Living, dying, and care work are processes often governed by economic logics that render some lives killable and others grievable in global regimes of power. This course explores how theoretical frameworks of "economies of death" and "geographies of care" can help to illuminate how human and nonhuman lives, deaths, and systems of care are intertwined with economic logics. Whose lives are privileged over others and with what consequences? How are certain bodies made killable and others grievable? How do we understand and face care processes of death and dying, and how are these processes often geographically determined? How do we live and die well, give and receive care, and who has this privilege? This class interrogates these and other questions related to how we live and die with others in a multispecies world. With attention to race, gender, species, and other sites of perceived difference, students will gain a nuanced understanding of core themes related to fundamental processes of living, dying, and caring labor. This course asks students to theorize economies of death and geographies of care to understand the deeply political nature of life and death as differential moments on a continuum of being. We focus on key questions related to an affirmative politics of life--in other words, how we should live, how we care and for whom, and how we might foster nonviolent interpersonal life-affirming encounters. Students can expect to explore pressing contemporary issues such as mass incarceration and "social death"; climate change; valuing and commodifying life; breeding and raising nonhuman animals for food; plant consciousness; end-of-life care and euthanasia; and the role of marginalized bodies in biomedical research. The course will be primarily discussion-based.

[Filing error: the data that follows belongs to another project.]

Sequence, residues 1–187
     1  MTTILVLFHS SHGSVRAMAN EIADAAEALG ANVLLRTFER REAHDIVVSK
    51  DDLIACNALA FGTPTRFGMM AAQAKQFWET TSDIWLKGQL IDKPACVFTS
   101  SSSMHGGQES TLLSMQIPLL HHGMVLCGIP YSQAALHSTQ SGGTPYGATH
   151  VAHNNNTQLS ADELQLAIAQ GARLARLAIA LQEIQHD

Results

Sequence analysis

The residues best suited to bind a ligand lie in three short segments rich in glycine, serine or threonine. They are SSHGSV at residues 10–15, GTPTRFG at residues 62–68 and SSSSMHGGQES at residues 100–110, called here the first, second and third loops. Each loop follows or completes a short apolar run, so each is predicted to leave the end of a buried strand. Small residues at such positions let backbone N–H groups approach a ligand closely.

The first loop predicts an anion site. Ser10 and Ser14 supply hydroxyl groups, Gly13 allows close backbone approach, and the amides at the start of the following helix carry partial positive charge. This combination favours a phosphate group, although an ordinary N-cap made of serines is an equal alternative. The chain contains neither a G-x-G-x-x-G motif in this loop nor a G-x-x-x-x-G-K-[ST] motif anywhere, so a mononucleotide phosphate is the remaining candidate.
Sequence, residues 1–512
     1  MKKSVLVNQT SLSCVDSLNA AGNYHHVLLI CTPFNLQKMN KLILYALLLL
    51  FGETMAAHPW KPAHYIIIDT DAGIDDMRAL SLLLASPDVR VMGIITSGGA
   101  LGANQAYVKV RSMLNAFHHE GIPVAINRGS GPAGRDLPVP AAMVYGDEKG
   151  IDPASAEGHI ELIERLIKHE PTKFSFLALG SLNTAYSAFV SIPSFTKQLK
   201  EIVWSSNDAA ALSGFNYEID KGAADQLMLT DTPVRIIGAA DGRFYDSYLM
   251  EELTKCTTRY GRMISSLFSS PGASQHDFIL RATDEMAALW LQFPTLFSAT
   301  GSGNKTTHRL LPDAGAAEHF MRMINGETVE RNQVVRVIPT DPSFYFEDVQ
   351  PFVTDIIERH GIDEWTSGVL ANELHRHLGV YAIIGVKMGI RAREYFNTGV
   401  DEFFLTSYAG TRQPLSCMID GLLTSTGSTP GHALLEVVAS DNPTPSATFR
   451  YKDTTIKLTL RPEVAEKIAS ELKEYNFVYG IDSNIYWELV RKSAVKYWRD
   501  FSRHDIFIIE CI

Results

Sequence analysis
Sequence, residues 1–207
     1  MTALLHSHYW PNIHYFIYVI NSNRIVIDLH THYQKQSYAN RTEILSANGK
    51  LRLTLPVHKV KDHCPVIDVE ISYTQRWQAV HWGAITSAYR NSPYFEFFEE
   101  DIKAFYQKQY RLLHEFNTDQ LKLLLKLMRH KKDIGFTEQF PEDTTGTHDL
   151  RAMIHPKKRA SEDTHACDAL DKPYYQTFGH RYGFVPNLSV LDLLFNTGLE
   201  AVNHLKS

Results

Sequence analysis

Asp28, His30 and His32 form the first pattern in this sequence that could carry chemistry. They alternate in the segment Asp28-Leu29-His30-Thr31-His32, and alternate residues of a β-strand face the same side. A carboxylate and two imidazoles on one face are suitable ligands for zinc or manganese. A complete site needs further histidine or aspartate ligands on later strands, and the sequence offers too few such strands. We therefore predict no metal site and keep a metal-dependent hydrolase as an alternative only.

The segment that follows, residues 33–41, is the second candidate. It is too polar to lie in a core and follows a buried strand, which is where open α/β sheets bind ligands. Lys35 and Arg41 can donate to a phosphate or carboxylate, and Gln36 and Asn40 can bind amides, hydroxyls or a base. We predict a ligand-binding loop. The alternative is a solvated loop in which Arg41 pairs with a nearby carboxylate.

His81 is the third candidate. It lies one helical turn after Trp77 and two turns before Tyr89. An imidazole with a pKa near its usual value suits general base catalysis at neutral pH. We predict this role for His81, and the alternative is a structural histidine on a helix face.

Offering: Crosslisting
Grading: A-F
Credits: 1.00
Gen Ed Area: SBS-FGSS
Identical With: FGSS235
Prereq: None

SISP238 Witnessing Animal Others: Mourning, Haunting, and the Politics of Animal (After) Lives

Witnessing, mourning, and haunting are frameworks that make political the lives and deaths of human and nonhuman others. Bringing these frameworks into conversation, this course will explore the following questions: What does witnessing and grieving animal lives and deaths show us about economic logics, racialization, and species hierarchies that form the foundation of contemporary social relations? How does the emotional become political in these contexts? What are the limits and possibilities of witnessing and mourning as political acts? How is witnessing distinct from spectatorship or voyeurism? What power dynamics exist in witnessing? What do different rituals or practices of mourning say about the mourner and the subject being mourned? What further action does witnessing or mourning provoke or demand? How do conceptualizations of haunting help to theorize and inform political practices of witnessing and mourning? Central to these questions is a consideration of the way histories track forward and haunt the present--how racialized, gendered, and anthropocentric histories shape contemporary social and economic relations. The course will use these theoretical frames to explore a series of empirical examples, such as: What does it mean to witness and mourn the settler-colonial histories that haunt the present in daily practices of ranching and farming animals for food? How are settler-colonial histories implicated in the phenomenon of animals killed on roads (innocuously termed roadkill) through the development of the U.S. railroad and interstate highway system and through land use change and habitat destruction? What does witnessing the captive animal in the zoo tell us about the imperialist histories of the zoo where humans and animals have been exhibited? What does witnessing or mourning do for the ghostly specters of "spent" dairy cows (lively-yet-soon-to-be-dead commodities) moving through the farmed animal auction yard and for their commodity afterlives born through slaughter and rendering? How does art act as a form of witnessing, for instance, through photographers such as Chris Jordan documenting the afterlives of plastic in the bellies of albatrosses on Midway Island? Throughout the semester, we will use art, fiction, poetry, and memoir to explore these concepts of witnessing, mourning, and haunting in the context of animal lives and deaths. The course will be heavily discussion-based.